January 10, 2019

A Spring Day, 1964 in Vancouver~A Tale of Two Neighbourhoods


Sitting at Beach and Davie Streets in the Spring of 1964.

Forwarded from Tom Durning, this remarkable image shows a different sea and cityscape from half a century ago.  From the trees, plants, the hats and coats we can assume this is a spring day. But look at the composition of the photo,  with the men in the foreground and the women with the swing coats in the far distance. There is a sparseness and an emptiness in the image, and a sense that everything is in its place.

Contrast this with the oldie but goodie YouTube video below, also from 1964 .

Here’s that Canada Mortgage and Housing Corporation and City of Vancouver joint production on ascertaining what neighbourhood areas had “blight” and needed to be~well, erased.  By reviewing the quality of housing from the exterior and from some internal inspections, Chinatown, Strathcona and parts of False Creek were earmarked for “renewal”.

It’s interesting to look at the intricate mixed use in the Strathcona area, which in those more Euclidian zoning times was called “confused”. Of course this area also had some of the oldest housing in Vancouver which made it ripe for redevelopment according to the criteria used for the “renewal survey”. Take a look at this cringe worthy video.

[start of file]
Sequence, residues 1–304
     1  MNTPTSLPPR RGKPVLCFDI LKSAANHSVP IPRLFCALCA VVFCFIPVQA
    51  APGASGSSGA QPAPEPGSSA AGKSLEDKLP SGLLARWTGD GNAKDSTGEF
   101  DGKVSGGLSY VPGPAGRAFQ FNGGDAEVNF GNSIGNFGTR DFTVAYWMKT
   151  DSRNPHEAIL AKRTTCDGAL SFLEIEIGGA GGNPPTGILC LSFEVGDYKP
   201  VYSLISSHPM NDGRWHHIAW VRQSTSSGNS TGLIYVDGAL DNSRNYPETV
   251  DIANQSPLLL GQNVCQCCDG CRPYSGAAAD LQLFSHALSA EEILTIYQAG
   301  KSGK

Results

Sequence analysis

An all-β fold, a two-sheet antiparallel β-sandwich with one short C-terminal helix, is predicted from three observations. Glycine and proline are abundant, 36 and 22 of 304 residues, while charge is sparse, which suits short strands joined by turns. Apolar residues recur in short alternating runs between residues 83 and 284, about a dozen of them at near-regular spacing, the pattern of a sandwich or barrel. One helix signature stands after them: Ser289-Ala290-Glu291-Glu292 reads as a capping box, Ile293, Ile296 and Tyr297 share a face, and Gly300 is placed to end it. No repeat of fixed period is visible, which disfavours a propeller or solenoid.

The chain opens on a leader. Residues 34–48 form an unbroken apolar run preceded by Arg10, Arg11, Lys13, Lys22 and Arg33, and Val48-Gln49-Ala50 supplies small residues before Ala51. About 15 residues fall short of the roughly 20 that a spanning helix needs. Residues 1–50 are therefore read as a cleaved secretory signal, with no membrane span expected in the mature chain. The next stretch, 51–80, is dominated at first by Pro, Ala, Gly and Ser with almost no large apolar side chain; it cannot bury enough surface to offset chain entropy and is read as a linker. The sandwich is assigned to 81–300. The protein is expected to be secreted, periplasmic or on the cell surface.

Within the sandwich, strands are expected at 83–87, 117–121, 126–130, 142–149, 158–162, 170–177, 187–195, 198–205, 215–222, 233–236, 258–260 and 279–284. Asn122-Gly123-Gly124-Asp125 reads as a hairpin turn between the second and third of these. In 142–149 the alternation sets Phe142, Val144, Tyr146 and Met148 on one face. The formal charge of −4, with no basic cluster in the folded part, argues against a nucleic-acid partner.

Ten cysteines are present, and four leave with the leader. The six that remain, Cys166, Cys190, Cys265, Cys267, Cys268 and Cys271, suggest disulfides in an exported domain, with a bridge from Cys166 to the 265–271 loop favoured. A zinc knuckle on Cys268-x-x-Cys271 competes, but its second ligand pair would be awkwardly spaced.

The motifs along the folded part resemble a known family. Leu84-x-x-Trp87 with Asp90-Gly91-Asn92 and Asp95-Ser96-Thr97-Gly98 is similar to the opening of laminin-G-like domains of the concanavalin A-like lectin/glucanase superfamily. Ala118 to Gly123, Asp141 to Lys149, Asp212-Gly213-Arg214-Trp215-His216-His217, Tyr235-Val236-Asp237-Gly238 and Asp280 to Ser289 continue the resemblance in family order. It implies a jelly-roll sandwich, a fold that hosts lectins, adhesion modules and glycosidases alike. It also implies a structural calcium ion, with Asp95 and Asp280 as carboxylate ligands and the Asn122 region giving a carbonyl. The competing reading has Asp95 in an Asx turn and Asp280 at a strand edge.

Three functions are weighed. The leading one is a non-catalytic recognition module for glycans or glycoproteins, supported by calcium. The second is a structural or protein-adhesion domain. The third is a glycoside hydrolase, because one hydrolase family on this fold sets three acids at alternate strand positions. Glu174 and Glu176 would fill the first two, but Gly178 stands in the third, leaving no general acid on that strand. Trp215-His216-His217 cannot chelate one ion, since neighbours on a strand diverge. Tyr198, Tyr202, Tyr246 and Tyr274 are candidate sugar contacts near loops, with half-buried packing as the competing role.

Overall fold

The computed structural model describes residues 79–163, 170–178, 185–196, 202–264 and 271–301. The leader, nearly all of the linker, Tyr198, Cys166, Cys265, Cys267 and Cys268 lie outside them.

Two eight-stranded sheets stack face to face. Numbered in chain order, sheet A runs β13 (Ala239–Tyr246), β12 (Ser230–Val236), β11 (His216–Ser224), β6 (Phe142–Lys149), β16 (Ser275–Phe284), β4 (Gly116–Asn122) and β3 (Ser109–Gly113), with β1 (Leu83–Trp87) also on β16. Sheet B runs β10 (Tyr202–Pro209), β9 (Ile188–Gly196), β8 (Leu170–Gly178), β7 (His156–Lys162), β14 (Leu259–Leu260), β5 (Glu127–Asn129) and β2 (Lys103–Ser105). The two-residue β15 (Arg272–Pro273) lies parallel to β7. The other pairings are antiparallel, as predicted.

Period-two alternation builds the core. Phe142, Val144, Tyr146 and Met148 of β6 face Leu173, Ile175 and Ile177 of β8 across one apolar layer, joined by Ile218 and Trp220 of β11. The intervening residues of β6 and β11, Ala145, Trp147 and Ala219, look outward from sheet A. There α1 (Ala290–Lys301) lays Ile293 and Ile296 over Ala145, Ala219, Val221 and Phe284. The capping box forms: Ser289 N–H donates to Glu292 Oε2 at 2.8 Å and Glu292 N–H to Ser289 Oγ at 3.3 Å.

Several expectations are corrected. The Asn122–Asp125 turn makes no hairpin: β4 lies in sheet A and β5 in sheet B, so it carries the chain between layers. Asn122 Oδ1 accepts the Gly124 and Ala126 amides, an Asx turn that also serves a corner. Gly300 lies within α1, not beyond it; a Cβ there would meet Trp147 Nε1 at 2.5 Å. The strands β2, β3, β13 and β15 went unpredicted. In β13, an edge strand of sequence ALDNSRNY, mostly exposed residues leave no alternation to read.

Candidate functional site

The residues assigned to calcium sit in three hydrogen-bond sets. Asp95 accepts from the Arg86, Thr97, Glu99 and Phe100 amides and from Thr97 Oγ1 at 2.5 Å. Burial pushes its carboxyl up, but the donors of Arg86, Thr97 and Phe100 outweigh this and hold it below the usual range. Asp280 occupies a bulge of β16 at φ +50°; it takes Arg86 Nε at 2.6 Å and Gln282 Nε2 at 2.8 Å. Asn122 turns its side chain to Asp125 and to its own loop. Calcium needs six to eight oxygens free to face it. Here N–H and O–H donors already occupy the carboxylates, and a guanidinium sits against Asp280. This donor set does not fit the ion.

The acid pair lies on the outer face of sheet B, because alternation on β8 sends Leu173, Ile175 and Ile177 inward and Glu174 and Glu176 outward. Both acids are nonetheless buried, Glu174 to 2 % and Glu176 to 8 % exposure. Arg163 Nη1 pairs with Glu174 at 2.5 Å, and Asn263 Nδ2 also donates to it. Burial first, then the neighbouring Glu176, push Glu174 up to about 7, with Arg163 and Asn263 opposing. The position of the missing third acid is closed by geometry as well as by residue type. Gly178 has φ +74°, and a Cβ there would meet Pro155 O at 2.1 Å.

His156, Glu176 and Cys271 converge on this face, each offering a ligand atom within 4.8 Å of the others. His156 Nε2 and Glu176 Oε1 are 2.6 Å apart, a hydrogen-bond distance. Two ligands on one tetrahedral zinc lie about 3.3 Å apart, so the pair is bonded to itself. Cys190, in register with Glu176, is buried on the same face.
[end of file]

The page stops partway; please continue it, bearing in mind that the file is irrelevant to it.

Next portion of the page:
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  1. Of course such a view conveniently ignores that Strathcona and Chinatown would likely be much denser than they are today had that urban renewal gone ahead. Not as quaintly charming, in a gentrified way, though.

  2. Wow. I saw this in a showing of ‘local historical film’ at Strathcona Community Centre years ago, and remember clearly the part where blocks of old houses disappear – bloop! – to be replaced by new apartment developments, all with the implication that this is a favour to existing residents, not a sales pitch for new ones. I remember at the same showing, someone spoke about the years of deliberate neglect Strathcona went through – little street repair, little lighting, poor policing etc – in order to drive down land values and make plans like the one shown less expensive.
    Not like the sites that they built on Union and off Raymur were so particularly bad – it’s just that they weren’t so much ‘planned and offered’ as they were ‘plotted and foisted’.
    I heard a rumour that this footage was found on reels in a dumpster downtown, then digitized and shared by the finders. Any idea if that’s truu?

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